Boise State Football

Boise State football tickets generate less revenue every year. ‘I’m concerned,’ AD says.

Late in the first quarter of Boise State’s football game vs. New Mexico on Sept. 14 at Albertsons Stadium, plenty of good seats were still available. The attendance that game was 28,385. It was the first crowd under 30,000 for a regular-season game since 2006, except for one game in 2014 played in single-digit temperatures.
Late in the first quarter of Boise State’s football game vs. New Mexico on Sept. 14 at Albertsons Stadium, plenty of good seats were still available. The attendance that game was 28,385. It was the first crowd under 30,000 for a regular-season game since 2006, except for one game in 2014 played in single-digit temperatures.

Football ticket revenue for Boise State has decreased each of the past four years, and is likely to do so again this season.

The Broncos brought in $7.57 million in 2012, when they enjoyed record average attendance and season-ticket sales. That number dropped to $6.81 million last year, according to figures provided to the Idaho Statesman.

The athletics budget is projected at $39.4 million for this fiscal year, meaning football tickets represent about 17 percent of the department’s revenue.

“Football ticket sales plays a huge role. It supports more than just football,” Boise State Athletic Director Curt Apsey said. “When you’re down in that area, it affects everybody.

“I’m concerned about it, no doubt about that.”

Through four games at Albertsons Stadium, the average attendance has been 32,370 in the 36,387-seat venue. The average was 34,273 in 2016, a 3.2 percent drop from the school record in 2012.

The final two home games this season might not be hot tickets, with the Broncos facing 1-7 Nevada on Nov. 4 and Air Force on Nov. 18, the first day of Thanksgiving break. Even if both games sell out (only eight times has a crowd of 36,000 or more been announced), the average attendance would be less than last year. If the current average holds, attendance will be the lowest since 2008.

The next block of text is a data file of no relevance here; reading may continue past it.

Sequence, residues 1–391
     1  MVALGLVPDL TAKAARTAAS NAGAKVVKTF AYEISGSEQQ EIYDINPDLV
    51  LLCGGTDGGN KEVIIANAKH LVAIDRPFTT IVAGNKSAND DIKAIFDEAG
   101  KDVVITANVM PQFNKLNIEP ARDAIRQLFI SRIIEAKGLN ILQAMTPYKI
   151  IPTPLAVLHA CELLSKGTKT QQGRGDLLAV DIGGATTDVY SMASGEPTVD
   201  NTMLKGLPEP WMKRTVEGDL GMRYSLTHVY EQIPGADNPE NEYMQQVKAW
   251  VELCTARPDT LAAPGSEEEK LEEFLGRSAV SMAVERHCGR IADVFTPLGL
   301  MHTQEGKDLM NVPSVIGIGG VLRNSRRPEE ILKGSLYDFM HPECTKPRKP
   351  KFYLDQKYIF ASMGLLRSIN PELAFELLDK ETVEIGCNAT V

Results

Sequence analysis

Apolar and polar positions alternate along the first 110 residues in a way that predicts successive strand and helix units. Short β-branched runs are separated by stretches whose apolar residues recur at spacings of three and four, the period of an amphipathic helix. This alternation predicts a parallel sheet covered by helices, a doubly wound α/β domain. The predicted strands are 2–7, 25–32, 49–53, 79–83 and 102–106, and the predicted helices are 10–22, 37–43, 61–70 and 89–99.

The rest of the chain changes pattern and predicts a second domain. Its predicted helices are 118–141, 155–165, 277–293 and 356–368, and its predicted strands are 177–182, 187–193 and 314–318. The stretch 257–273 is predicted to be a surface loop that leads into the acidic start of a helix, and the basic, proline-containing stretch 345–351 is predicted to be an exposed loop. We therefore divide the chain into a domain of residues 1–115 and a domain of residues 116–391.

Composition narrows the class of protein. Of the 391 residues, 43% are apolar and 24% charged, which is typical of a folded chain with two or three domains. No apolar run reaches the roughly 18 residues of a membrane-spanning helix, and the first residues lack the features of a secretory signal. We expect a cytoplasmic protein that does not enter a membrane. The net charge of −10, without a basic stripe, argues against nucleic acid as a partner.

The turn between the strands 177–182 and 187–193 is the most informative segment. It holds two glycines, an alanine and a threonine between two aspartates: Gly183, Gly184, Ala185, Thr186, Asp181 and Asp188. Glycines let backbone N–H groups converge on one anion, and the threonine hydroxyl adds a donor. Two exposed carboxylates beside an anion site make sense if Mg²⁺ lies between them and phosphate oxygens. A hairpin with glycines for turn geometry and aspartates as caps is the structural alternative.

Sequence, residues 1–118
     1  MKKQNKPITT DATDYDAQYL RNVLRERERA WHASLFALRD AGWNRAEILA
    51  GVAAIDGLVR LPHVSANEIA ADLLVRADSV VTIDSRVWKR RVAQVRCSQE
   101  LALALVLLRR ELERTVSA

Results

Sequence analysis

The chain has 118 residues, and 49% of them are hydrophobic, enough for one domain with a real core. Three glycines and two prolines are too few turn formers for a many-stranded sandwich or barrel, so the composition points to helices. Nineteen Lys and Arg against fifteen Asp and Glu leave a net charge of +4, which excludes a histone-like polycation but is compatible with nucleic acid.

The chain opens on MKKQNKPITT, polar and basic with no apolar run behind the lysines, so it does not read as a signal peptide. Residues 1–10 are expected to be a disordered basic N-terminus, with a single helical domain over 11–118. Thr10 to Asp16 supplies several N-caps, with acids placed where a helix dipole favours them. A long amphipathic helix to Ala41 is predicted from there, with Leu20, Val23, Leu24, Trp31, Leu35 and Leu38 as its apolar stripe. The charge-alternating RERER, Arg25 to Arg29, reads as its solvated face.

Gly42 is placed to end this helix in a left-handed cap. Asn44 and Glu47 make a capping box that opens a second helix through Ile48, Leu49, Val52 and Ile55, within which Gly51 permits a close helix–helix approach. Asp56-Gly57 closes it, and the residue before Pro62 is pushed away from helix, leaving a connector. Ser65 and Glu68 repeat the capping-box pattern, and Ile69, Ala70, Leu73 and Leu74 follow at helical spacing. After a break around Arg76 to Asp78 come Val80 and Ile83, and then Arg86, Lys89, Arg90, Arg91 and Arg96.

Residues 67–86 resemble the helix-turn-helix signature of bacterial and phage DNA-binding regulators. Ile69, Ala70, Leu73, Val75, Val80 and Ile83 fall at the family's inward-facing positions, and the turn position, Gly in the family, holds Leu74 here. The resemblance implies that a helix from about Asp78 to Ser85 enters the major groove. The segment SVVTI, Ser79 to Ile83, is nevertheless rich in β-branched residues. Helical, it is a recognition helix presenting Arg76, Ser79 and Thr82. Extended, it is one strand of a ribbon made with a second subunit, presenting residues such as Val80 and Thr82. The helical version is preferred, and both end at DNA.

While football revenue has decreased, Apsey has held steady the budgets for most of Boise State’s sports programs in recent years. The football budget has benefited from the departure of coach Chris Petersen after the 2013 season. He was trending toward a $3 million salary for 2017 while coach Bryan Harsin makes $1.55 million.

“Success at this level comes at a bigger cost than it used to,” Apsey said. “... We try to budget conservatively, and I think we’ve done a fairly good job of it.

“When revenue is down, you have to be careful, take advantage of fundraising, discuss the importance of buying a ticket.”

Attendance actually increased the past two seasons, but with help from ticket promotions that produced less revenue. The reasons tickets have become more difficult to sell are not lacking: Apsey noted late kickoffs as a primary factor. Coming into this season, 17 of the previous 21 games played at home started at 7:30 p.m. or later.

Apsey also cited increased options to watch at home, and “a different playing style than people are used to — when we win, it’s not by 40 points.” In the past three seasons, Boise State has lost three home games and recorded four wins by single digits.

Kelly Temple moved to Boise in 1999 and immediately bought season tickets. He gave them up a few years ago, bought a mini-plan (three games) last year and has yet to attend a game this season. Season-ticket sales have dropped from a record 24,109 in 2012 to 17,633 in 2017 — roughly the same number the Broncos sold in 2004, before the three Fiesta Bowl wins.